By Rob Taylor, The Wall Street Journal, August 31, 2018, 4:16 AM

Catholic bishops here said they oppose laws requiring priests to break the “seal of confession” when told of possible sexual abuse.

The Australian Catholic Bishops Conference, which represents the church’s senior leadership, said almost all the recommendations from a judicial inquiry into child sexual abuse in institutions including churches and schools are acceptable. But the bishops rejected weakening the seal, which bars priests from revealing anything they learn while hearing confessions.

The church holds the seal of confession to be inviolable, on pain of excommunication, and some Australian priests have said they would rather go to jail than break it. They argue that mandatory reporting risks making children less safe by discouraging abusers from admitting crimes in the confessional. It is also impractical, they say, because priests often don’t know the identity of those confessing.


7. The next archbishop of Washington should be a humble priest, Washington’s Catholics need a shepherd, not a prince.

By Timothy P. Carney, Timothy P. Carney is the commentary editor at the Washington Examiner and a visiting fellow at the American Enterprise Institute, The Washington Post, August 30, 2018, 3:56 PM, Opinion

As pressure mounts for Wuerl to resign, maybe it’s time to rethink how such leaders are chosen. If or when Pope Francis confronts the question of who should replace Wuerl, he shouldn’t look to find his new Washington archbishop among the other bishops in the country. He shouldn’t even look at high-ranking priests in the archdiocese of Washington.

He should instead look around this archdiocese and find a simple, austere — but most of all holy — man who is respected and competent.

If Wuerl does step down, or if Pope Francis pushes him out, “The next Archbishop of Washington will be expected, fairly or not, to lead the charge in addressing” Church sex scandals, wrote Catholic journalist J.D. Flynn.

That makes turning away from the usual high-powered political bishops all the more important.

Rome should look first around the parishes of D.C. and suburban and southern Maryland. Which parishes have long lines for confession? Where is the parish school bursting at the seams? Where are volunteers launching new ministries?

Wherever you see such signs of life, you’re apt to find a holy, hard-working, inspiring pastor who sees his job as bringing souls to God.

If not in a parish, Pope Francis could look for true leaders among the various institutions inside the Church. The Dominican order operates in D.C. a house of studies and a priory, along with other institutions. Perhaps among their ranks is a humble friar whose obvious virtue and piety have made him a respected leader among his men.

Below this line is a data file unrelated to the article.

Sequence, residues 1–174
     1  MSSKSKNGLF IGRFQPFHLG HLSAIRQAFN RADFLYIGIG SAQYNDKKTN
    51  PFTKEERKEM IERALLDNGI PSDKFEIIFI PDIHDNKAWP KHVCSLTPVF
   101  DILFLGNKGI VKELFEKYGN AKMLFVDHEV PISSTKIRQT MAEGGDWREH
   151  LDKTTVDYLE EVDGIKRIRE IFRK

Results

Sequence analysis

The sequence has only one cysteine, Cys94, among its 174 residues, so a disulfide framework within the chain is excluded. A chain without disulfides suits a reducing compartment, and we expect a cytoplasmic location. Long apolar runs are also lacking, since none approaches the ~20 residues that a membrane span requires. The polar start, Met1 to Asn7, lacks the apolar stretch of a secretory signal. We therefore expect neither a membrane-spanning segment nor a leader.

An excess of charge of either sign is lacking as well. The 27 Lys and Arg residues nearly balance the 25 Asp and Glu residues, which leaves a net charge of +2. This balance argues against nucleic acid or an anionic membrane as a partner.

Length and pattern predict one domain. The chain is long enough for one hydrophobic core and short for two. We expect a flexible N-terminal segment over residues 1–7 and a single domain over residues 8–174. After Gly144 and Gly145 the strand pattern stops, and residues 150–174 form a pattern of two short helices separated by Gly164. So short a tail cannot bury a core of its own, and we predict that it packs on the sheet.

It’s dizzying and disheartening to think of my Church as being as full of maneuvering and jockeying and cliques and factions as the politics I cover day to day. As the faithful of Washington try to shore up our rattled faith, we need a shepherd who doesn’t play that game. We need someone who would look and feel out of place sitting with senators at a black-tie gala in the Washington Hilton. We probably need an archbishop who has never striven to become a bishop.

The faithful of Washington don’t need a polished and connected prince. We need a good shepherd. We need an archbishop who smells like his sheep.


8. Americans divided, but bishops elsewhere back Pope on cover-up charge.

By Inés San Martín, Crux, August 31, 2018

Though American bishops appear divided in reaction to the sensational accusation by a former papal ambassador in the U.S. that Pope Francis ignored sexual misconduct warnings about ex-Cardinal Theodore McCarrick, prelates in other parts of the world, especially in Latin cultures, appear to be showing strong support for the pontiff.

Recent statements along those lines have been heard from Portugal, Peru, Spain and the pontiff’s own Argentina.

From Portugal, a defense against “ultra-conservatives”

“It’s a campaign organized by ultra-conservatives to mortally wound the pope,” said Cardinal António dos Santos Marto, of Fatima, Portugal, speaking to Portuguese media Obsevador about the tempest set loose by the Viganò charge.

From the pope’s Argentina, “we share your pain”

“[Both] pastors and faithful, we want to show you our fraternal and filial closeness at this moment in which you suffer a ruthless attack in which different and narrow worldly interests come together,” said the statement released by the Argentine bishops on Thursday.

From Peru, “closeness”

In a letter addressed to the pope and made public by the Peruvian bishops’ conference, the prelates expressed their “closeness” to Francis amidst “attempts to destabilize the Church and your ministry.”

From Spain, “you’re not alone”

On Wednesday, Cardinal Ricardo Blázquez, Archbishop of Valladolid and president of the Spanish bishops’ conference, sent a letter to the pope from the city of Medellin, Colombia, where he was participating in an event msrking the 50th anniversary of the conference of the Latin American bishops (CELAM) in the city.

The letter was partially shared on the website of the Spanish bishops. In it, Blázquez told the pope “you’re not alone, the Church is praying for you as, in at another time, it did for Peter.”